KERRYANNE’S STORY

The Case of Kerryanne

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Patient Presentation

Kerryanne was a 77 year old woman from Saskatchewan, Canada whom had been diagnosed with stage IIA Hodgkin’s Lymphoma and had whom had just failed two regimes of standard chemotherapy.

As a senior on disability with rheumatoid arthritis, Kerryanne had limited financial resources and was dependent on the treatments provided to her by her public medical system oncologist.

Since she had failed two previous attempts at controlling her disease, her oncologist told her that they had run out of treatment options and she was offered palliative care with a chemotherapeutic drug called vincristine, that was unlikely to provide her with any benefits and had significant side effects. She was told to enter palliative care and to get her affairs in order.

Kerryanne wasn’t ready to just accept this and so she reached out to us.

How we helped Kerryanne using our 5 step system

1. Introduced Advanced Diagnostics

N/A – See records review

2. Personalized Records Review

First, we requested access to Kerryanne’s medical files and performed a complete review. Interestingly, we found that there was considerable confusion about the diagnosis of Hodgkin’s lymphoma by her treatment team/tumor group due to the lack of a specific type of cells known as Reed Sternberg cells, which characterizes Hodgkin’s Lymphoma. Therefore, her public health care team had sought a second opinion from a prominent well known lymphoma pathologist.

The prominent lymphoma pathologist had concluded that while Kerryanne had a malignant lymphoma consistent with Hodgkin lymphoma, she also had some features of another rare subtype of lymphoma called the lymphocyte-rich subtype. However, due to the lack of a typical nodular pattern of that subtype, the pathologist listed this case as classical Hodgkin’s lymphoma subtype.

The diagnosis of classical Hodgkin lymphoma seemed inappropriate to us, and more than likely based on the treatment options available in this province for this unique case.

3. Conducted Patient Specific Research

We conducted a peer review study of Hodgkin’s lymphomas with lymphocyte-rich features and found out that this subtype had universal expression of a specific cell surface protein called CD20.

We further identified new clinical trial data that showed that when patients with lymphocyte-predominant Hodgkin lymphoma were treated with a common non-chemotherapy drug that targets CD20 (rituximab), the patients had a 100% response rate to the drug. Furthermore in this trial, all of the patients were still alive 5 years after treatment. In addition since rituximab is a monoclonal antibody that only targets cancer cells with CD20, there were no grade 3 or 4 adverse effects.

4. Interim Treatment Support

Next, we researched the Saskatchewan Cancer Agencies treatment guidelines for Hodgkin’s lymphoma and identified provisions in the guidelines to treat patients such as Kerryanne with rituximab, with or without chemotherapy/radiation.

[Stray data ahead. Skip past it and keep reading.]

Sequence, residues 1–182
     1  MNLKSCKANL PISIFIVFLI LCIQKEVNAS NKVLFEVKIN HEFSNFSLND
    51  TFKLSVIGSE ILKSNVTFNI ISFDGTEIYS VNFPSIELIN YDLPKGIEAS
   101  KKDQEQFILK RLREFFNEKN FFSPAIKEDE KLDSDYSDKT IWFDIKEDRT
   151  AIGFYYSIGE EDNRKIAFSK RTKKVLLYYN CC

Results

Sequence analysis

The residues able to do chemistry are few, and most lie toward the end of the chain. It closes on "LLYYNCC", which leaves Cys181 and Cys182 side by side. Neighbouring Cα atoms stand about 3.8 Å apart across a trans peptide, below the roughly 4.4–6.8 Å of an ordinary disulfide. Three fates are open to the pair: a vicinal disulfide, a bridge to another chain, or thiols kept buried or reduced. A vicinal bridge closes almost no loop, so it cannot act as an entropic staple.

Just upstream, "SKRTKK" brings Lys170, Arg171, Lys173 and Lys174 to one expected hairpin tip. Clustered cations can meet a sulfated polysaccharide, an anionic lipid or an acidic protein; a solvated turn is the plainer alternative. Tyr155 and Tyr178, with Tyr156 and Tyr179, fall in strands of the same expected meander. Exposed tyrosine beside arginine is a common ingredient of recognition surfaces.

We immediately wrote up a 2 page patient report for Kerryanne’s public health care treatment team, sharing our findings, and suggesting that Kerryanne be given rituximab and a PET-CT to monitor the efficacy of her treatments.

Unfortunately, our requests fell on deaf ears and Kerryanne was once again offered palliative chemotherapy and care and denied the option of rituximab, regardless of whether she paid out of pocket or not.

5. Clinical Trial Support and Advocacy

With our knowledge that rituximab was also used to treat rheumatoid arthritis, we had Kerryanne contact a local Rheumatologist and after sharing our research with him, he prescribed rituximab for Kerryanne, and the drug was covered by her public medical system due to her rheumatoid arthritis.

Outcome

Rituximab is working very well for Kerryanne more than 2 years after starting it, and is known to delay disease progression significantly, reduce hospital visits, and increase her comfort as it is a non-chemotherapy targeted drug.

Since this drug was approved and covered for a secondary condition that Kerryanne had (rheumatoid arthritis), she got the treatment she needed with much less stress and financial strain.

Conclusions

As you can see, even a brief CTOAM records review and consultation of 4-5 hrs can result in significant benefits to a patient’s outcome. Having access to a team of knowledgeable scientists, doctors and patient advocates that WORK FOR YOU and NOT THE MEDICAL SYSTEM, can make all the difference in the outcome of your disease!

If you or a loved one is fighting cancer, give us a call so we can do a brief review of your medical records. It is important to be sure that you KNOW that you are doing all you can, and that you have access to the best treatments for your own unique case. (778) 999-5463